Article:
Some Jewish writers [4] have recently considered the moral issues around what we ingest. Sadly, as we all know, kashrut isn’t always synonymous with eating morally—look at Postville and the way the Rubashkins’ plant [5] treated animals and workers. I’m involved in a kosher, ethical meat co-op and have followed with interest the attempts by Conservative and Modern Orthodox activists to certify kosher meat as ethical as well as “kosher” according to the letter of halakhah, Jewish law. Ethical kashrut should involve respect for humans and animals. I don’t eat much meat—I joke that I’m in a mixed marriage because I married a Reform Jew from Wisconsin who lives for bratwurst and owns a “Bacon is a Vegetable [6]” t-shirt—but when I do eat meat, I need to know its origins and trust the source. My standards of kashrut wouldn’t be acceptable to some other Jews, and my standards of what’s ethical wouldn’t meet those of vegetarians or vegans. We all have our line in the sand.

And that line can shift. The one time as an adult I willfully broke my own standards of kashrut was when I was writing for a travel guide in rural Greece. On a remote island in the late 1980s, a family insisted I come home with them for dinner. They were fishermen. They caught a fresh squid and smashed it against the side of their fishing boat. I felt just as caught as the cephalopod. I thought about having to explain not just kashrut, but what a Jew was. And I decided that their philosophy of philoxenia, kindness to strangers, was more important than my kashrut. Just that time, and just for me.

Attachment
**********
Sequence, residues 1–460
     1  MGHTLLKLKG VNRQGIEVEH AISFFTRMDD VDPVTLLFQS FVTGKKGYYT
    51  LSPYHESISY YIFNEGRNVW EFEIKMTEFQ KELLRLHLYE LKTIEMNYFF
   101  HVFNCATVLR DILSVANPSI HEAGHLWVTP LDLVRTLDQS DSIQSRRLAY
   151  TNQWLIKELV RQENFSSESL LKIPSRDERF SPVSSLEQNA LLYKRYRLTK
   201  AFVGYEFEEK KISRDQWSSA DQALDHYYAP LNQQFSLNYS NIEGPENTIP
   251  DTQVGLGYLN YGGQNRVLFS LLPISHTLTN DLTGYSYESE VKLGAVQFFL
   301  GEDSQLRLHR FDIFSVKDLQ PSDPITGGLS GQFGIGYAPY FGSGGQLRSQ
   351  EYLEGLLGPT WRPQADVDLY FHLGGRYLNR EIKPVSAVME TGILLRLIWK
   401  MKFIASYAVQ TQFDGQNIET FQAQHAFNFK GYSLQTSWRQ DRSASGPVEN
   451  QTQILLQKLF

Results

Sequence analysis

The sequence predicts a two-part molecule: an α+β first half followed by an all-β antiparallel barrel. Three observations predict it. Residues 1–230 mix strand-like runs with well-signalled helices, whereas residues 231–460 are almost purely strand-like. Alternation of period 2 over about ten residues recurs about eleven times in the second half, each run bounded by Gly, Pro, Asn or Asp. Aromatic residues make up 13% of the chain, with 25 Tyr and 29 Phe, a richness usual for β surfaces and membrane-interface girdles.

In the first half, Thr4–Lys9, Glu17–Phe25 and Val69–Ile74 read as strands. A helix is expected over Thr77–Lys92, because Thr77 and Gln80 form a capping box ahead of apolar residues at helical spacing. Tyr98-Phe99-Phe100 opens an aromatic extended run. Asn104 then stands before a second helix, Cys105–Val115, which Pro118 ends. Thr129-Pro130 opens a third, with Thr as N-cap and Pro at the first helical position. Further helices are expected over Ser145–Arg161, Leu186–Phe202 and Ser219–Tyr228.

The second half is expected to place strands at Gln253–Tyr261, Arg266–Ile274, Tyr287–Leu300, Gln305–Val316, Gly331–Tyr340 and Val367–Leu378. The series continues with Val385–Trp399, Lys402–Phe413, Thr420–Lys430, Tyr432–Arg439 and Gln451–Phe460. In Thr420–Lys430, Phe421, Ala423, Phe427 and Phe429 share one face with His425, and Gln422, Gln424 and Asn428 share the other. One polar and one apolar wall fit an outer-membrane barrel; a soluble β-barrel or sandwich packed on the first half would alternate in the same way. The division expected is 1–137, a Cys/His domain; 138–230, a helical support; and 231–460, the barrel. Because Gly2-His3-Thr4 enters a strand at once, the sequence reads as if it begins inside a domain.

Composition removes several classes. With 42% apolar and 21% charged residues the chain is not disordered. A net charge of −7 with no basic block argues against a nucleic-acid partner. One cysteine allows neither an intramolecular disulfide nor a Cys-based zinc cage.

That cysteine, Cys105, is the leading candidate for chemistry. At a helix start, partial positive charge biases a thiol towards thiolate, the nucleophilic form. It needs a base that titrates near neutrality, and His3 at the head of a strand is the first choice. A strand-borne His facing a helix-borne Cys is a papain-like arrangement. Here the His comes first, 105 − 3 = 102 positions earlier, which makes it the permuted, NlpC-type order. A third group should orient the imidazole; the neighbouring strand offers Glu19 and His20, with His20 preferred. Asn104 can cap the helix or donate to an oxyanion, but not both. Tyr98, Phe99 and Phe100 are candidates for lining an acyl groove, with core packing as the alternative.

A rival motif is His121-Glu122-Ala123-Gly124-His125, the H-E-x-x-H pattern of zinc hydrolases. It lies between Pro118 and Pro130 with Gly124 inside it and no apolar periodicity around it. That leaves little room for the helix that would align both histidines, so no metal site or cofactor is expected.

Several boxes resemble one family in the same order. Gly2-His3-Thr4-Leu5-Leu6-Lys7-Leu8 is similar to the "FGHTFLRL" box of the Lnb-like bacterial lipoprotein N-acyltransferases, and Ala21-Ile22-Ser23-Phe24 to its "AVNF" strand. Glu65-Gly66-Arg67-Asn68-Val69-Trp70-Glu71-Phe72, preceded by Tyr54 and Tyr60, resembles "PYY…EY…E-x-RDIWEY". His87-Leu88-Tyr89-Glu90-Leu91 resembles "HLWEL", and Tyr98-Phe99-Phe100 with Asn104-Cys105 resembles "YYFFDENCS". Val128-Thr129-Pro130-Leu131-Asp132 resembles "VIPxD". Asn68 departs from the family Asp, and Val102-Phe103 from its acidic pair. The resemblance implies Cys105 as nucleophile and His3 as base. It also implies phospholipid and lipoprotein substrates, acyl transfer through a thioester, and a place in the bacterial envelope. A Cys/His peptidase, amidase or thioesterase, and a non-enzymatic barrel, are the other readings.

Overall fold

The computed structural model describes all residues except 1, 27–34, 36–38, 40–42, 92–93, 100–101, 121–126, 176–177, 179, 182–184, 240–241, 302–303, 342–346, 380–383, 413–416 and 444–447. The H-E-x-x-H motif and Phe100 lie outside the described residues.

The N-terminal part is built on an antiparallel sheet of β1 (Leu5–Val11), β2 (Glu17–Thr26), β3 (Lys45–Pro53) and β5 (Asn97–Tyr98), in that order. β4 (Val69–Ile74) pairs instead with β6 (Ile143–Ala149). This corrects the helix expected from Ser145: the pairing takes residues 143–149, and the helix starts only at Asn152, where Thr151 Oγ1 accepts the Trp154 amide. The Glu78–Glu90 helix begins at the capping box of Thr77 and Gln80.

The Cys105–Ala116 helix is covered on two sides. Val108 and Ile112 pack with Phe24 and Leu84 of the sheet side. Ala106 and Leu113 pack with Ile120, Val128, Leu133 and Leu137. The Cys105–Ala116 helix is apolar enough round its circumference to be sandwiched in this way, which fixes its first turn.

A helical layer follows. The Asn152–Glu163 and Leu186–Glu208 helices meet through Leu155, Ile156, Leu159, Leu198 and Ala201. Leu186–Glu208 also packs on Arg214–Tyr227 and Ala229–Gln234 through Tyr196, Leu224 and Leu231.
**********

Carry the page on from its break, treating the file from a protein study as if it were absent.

At that family’s table I stared down that calamari, heart pounding—I’d never had any unkosher seafood before—and slowly brought one of those ring-y things to my mouth.

Holy moly, it was the most delicious thing I had ever tasted.

Thus ended my one and only foray into non-kosher seafood. So, what’s the moral here? That it’s hard to generalize about ethical rightness. We’re often weighing different goods. And of course, for many people kashrut isn’t about morality at all—it’s about following God’s literal word. Attaching Western values to kashrut is specious, according to many Orthodox folk, because kashrut is about obedience, not moral choice.